Advertisement

Trump will remain on Illinois primary ballot after 14th Amendment challenge

Donald Trump will remain on the 2024 presidential primary ballot in Illinois following a unanimous vote by the state’s Board of Elections to dismiss an attempt to remove the former president under the 14th Amendment.

On Tuesday, the board, composed of eight appointed members, dismissed a lawsuit brought by four Illinois voters and Free Speech For People that challenged the former president’s eligibility to appear on the ballot due to his alleged involvement in the January 6 attack on the Capitol.

The voters asked the electoral board to disqualify Mr Trump under Section Three of the 14th Amendment – known as the insurrection clause. They cited recent decisions in Colorado and Maine as examples of Mr Trump violating the little-known provision.

However, the Illinois Board of Election said that they did not believe they had the authority to determine Mr Trump’s eligibility because it raises a constitutional question and would require them to look outside their scope.

“There’s no doubt in my mind that he manipulated, instigated, aided and abetted an insurrection on January 6,” Republican board member, Catherine McCrory said Tuesday morning. “However, it’s not my place to rule on that today.”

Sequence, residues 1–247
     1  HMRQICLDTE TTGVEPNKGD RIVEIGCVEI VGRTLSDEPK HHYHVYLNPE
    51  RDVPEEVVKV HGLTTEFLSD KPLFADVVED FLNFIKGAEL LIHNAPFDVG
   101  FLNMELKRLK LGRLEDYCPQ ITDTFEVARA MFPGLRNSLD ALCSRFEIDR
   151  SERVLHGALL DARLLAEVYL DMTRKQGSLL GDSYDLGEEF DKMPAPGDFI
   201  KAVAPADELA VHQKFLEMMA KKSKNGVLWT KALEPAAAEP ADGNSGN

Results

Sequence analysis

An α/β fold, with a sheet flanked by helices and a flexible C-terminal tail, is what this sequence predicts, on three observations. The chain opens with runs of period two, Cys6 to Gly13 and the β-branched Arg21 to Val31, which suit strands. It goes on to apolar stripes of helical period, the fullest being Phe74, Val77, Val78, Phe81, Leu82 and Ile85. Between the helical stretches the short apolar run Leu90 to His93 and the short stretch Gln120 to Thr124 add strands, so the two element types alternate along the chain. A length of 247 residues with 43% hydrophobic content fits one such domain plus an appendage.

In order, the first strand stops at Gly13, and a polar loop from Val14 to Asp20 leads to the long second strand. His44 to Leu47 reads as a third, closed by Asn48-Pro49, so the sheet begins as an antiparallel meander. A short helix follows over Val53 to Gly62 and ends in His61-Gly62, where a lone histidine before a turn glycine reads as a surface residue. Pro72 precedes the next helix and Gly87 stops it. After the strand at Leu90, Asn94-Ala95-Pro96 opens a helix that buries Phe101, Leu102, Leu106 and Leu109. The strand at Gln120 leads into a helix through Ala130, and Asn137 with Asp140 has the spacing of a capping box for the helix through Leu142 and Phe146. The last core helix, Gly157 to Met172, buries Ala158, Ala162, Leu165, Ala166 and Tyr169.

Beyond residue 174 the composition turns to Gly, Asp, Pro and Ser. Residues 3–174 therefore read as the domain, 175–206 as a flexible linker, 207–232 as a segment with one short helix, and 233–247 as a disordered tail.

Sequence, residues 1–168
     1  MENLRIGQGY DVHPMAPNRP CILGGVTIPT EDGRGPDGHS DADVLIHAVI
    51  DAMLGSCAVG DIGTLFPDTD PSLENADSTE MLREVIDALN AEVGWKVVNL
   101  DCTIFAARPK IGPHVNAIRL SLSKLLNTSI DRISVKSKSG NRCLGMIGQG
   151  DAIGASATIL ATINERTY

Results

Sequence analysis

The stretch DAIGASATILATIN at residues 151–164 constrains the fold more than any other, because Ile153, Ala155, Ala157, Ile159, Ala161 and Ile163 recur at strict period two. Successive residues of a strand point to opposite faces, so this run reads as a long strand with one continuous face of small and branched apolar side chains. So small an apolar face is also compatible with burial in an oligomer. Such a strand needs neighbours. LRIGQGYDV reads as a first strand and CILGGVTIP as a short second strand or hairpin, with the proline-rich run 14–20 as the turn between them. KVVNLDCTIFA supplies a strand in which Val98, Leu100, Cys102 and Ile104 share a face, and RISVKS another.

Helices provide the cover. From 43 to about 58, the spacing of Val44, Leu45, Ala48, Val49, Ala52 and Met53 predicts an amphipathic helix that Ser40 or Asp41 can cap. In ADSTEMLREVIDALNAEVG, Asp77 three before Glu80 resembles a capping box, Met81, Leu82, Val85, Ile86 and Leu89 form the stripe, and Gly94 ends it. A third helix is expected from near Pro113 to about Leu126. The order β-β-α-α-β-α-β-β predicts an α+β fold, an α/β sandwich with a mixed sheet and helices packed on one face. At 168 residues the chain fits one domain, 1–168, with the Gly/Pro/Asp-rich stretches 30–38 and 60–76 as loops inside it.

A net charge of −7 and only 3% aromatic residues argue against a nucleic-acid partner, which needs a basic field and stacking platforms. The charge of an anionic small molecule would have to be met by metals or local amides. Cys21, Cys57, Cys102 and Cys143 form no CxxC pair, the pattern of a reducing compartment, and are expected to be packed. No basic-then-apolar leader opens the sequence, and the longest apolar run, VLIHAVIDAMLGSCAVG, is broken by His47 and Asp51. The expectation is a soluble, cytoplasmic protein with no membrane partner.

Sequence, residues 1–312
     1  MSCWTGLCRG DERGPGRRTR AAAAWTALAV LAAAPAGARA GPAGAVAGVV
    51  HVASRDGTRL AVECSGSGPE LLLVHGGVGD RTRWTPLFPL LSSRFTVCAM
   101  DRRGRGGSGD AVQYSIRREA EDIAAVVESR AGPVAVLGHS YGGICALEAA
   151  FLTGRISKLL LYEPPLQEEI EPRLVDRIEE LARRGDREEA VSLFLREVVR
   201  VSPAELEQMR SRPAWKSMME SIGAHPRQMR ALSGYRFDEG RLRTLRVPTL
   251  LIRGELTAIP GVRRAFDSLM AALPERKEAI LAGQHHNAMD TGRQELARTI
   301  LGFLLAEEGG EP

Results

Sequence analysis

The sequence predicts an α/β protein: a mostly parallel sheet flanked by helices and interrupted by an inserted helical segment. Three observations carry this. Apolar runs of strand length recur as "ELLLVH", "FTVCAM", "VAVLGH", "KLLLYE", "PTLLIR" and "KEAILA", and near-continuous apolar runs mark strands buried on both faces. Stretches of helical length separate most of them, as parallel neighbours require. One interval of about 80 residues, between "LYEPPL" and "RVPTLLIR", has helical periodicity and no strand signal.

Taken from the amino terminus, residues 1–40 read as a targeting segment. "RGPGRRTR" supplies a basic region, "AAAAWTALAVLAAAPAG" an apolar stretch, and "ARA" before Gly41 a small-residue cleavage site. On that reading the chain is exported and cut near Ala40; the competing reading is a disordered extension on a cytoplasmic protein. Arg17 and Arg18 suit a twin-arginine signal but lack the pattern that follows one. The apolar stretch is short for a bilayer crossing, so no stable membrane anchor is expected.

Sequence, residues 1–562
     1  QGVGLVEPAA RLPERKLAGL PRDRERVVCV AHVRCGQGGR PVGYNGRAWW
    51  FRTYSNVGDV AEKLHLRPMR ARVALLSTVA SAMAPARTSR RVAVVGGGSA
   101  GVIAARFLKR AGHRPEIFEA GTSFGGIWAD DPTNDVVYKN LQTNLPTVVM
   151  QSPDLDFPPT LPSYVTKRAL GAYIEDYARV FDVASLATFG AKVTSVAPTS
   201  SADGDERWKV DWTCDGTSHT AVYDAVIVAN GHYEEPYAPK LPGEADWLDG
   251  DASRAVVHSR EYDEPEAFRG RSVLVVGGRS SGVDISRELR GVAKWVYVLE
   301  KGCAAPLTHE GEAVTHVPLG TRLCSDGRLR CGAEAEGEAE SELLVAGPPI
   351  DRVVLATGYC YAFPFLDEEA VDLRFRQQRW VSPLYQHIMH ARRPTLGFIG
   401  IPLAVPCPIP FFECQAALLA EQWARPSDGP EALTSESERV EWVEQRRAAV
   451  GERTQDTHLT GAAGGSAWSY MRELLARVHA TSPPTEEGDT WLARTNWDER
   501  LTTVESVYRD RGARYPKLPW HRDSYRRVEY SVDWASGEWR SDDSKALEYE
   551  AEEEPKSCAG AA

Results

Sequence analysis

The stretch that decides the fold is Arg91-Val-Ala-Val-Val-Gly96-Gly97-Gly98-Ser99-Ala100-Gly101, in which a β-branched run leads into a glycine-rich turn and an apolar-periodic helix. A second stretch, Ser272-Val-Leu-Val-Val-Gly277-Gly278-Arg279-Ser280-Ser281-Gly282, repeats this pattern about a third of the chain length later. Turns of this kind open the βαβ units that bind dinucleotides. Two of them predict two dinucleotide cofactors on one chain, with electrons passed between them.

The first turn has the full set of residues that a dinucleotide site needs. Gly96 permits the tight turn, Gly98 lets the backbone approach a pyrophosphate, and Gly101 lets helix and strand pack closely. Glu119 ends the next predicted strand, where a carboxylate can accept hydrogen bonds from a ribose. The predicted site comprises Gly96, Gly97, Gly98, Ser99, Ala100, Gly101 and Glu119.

The board’s decision comes just two days after a former judge, who was hired to produce a nonbinding opinion on the matter, advised the electoral board to dismiss the voters’ complaint. 

Despite his recommendation, retired judge Clark Erickson acknowledged that the former president’s actions on January 6th were consistent with engaging in an insurrection. However, Mr Erickson said that definitively coming to that conclusion would require “significant and sophisticated constitutional analysis” which the board does not have.

During short oral arguments on Tuesday, Matthew Piers, the attorney representing the voters, argued that the state’s election code did not prevent the board from deciding Mr Trump’s eligibility and they have the responsibility of doing so. Mr Piers emphasised that evidence, found by the January 6 Congressional Committee, showed Mr Trump wanted to interrupt Congress’s certification of the election on January 6, 2021 – thus qualifying as an insurrection.

Adam Merill, representing Mr Trump, said the former president did not engage in an insurrection and that no evidence proves he took part in one. Mr Merrill told the board it would be “inappropriate” for the board to weigh in on the issue, citing the other states who have refused to remove Mr Trump’s name from their respective ballots.

That constitutional question is currently in the hands of the US Supreme Court which is prepared to hear oral arguments on Mr Trump’s ballot eligibility in Colorado next month.

Justices will determine if Colorado erred in their decision-making when determining January 6th was an insurrection and Mr Trump was  “an officer of the United States” while he was serving as the outgoing president.

So far, only Colorado and Maine have disqualified Mr Trump from the 2024 presidential primary ballot. The former president faces, or has faced, 14th Amendment challenges in at least 14 other states.

The decision can be appealed before the March 19th primary in Illinois.